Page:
Driving down Old Cutler Road at SW 136th Street, you naturally ask yourself “What’s going on behind those fences?” The answer is agricultural research for the U.S. Government.
The 208-acre facility was born out of Dr. David Fairchild’s efforts. In 1923, as a USDA employee, he moved the Plant Introduction Garden from Brickell Avenue to the newly decommissioned Chapman Air Field.
While many would equate the Subtropical Horticulture Research Station’s work to watching paint dry, the eight full-time scientists and 25 support staffers beg to differ. I met 13-year Agricultural Research Service veteran Dr. Alan Meerow for an eye-opening tour. He explained how Chapman Field’s research has, and will continue to have, global impact.
“We are here for preservation, research, development and entomology,” states Meerow. “I am developing ornamentals plants, but we all cross over and help each other.”
The facility is home to thousands of seeds and plants. Unlike dozens of other USDA ARS centers around the country, Chapman Field has tropical and sub-tropical field plantings, which makes it one of the more unique facilities. In fact, only Hilo, Hawaii and Mayaguez, Puerto Rico do the same.
The bulk of the land is used for three main crops: (a) sugar cane and subtropical grasses, (b) avocado trees and (c) an impressive 3000 varietals of mangoes. The focus of each is crop improvement. While less than 20% of the facility hosts ornamental plant research, eight new varieties were designed and brought to market from here.
“The most important issue our facility constantly works on is creating crop variations that will help us avoid disease and infestation, said Dr. Meerow, “The longer we farm a plant, the genetic differences get narrower and narrower. This can lead to weaknesses and vulnerability that can wipe out species. We work on re-introducing stronger, diverse variations of that plant to the farm fields.”
In avocado research, there is a huge panic and the Chapman Field facility is designated as a First Responder. A few years ago, Redbay trees (an avocado relative) in Georgia started dying off en mass. As it worked its way south, Chapman Field raced into action to find the source of the die off.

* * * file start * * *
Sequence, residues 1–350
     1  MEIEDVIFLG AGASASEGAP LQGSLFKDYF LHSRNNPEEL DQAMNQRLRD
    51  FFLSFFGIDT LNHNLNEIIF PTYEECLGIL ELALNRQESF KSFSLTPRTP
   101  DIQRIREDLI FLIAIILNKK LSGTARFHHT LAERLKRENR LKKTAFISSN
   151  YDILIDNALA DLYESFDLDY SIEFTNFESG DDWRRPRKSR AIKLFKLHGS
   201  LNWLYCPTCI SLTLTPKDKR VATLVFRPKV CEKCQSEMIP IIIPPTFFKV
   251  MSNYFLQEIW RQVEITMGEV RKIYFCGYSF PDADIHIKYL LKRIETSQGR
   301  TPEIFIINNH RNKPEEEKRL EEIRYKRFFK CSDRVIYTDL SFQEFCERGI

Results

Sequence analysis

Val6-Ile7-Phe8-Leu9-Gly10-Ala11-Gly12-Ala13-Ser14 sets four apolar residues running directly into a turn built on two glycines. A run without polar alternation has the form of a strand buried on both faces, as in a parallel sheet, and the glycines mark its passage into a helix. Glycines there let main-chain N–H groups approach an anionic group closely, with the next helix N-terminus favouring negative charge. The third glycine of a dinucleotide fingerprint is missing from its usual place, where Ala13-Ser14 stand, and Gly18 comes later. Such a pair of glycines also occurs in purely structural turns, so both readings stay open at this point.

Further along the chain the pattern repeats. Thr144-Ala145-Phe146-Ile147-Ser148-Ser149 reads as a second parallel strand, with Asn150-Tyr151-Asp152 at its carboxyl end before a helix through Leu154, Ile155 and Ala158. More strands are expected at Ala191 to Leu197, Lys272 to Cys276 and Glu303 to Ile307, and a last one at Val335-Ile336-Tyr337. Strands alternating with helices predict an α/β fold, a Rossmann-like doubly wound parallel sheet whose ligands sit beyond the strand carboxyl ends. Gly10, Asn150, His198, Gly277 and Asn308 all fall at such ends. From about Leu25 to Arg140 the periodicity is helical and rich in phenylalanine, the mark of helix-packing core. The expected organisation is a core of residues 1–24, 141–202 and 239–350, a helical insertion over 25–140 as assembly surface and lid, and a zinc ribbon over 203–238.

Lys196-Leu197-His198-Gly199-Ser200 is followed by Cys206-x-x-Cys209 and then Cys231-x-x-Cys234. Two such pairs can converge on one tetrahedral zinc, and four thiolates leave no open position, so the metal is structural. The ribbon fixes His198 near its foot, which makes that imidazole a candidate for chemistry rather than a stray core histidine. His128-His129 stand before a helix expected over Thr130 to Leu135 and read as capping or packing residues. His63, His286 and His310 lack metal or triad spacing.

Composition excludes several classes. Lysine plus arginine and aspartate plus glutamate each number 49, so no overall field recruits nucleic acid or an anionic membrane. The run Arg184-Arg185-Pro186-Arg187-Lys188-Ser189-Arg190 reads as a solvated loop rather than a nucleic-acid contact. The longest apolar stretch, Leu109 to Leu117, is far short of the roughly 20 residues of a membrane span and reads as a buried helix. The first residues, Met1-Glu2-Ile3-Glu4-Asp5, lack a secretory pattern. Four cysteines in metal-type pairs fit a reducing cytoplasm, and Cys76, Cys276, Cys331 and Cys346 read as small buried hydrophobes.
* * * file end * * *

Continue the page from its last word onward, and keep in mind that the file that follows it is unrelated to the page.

They discovered laurel wilt, a fungus disease that is spread by the Redbay Ambrosia Beetle. “The beetle farms the fungus inside the Avocado tree and, in turn, the tree goes into five-alarm response and ends up killing itself after it turns off its own internal plumbing trying to stop the fungus growth.”
For a while, laurel wilt stopped around Ft. Pierce, FL, likely due to the patchy nature of our forest canopy. Unfortunately, our luck ran out in late 2011, as the disease has reached Dade County. Emergency research is ongoing with the international community centering its efforts at Chapman Field.
For you chocoholics out there, the facility receives $500,000/year from the M&M Mars Company to study and improve the cacao plant. At present, there are three significant diseases plaguing worldwide cacao seed production. “With seeds at less than 50% of what they were, production is way down and costs are up,” explained Meerow.
To address this issue, the research center does DNA Marker-Assisted Breeding for cacao. Those efforts result in stronger, more resistant plants. In the future, they could even allow for better tasting chocolate. In short, it is likely that the Subtropical Horticulture Research Station’s work will improve future chocolate bars.
DNA markers are gene-level tags that rapidly speed along research. Instead of growing a plant to maturity to test for disease resistance, scientists simply look for the presence of the appropriate genetic marker in very young saplings. This cuts years from studies.
Entomology is an important facet of the facility. By studying pheromones and attractants, scientists at Chapman Field have developed traps and lures. The idea is to lower man-made impact on nature by luring away pests from vulnerable plant life, not by spraying chemicals.
By its nature, the facility steers away from pesticide use and instead works to strengthen a plant’s natural defense mechanisms. “Lowering pesticide use is important because, for example, honeybee colony collapse is the result of a variant of pesticide, not cell towers, as is commonly believed. “The pesticide seems to disorient the bees and they can’t find their way back to the hive to reproduce and support the queen.”
If you want to learn more, you’re in luck. In celebration of the USDA’s 150th Anniversary, the research center will hold an annual open house June 23, 2012 (10am-3pm) filled with activities, including lab and field bus tours. Dr. Alan Meerow welcomes everyone to "the biggest accidental secret that isn't supposed to be a secret."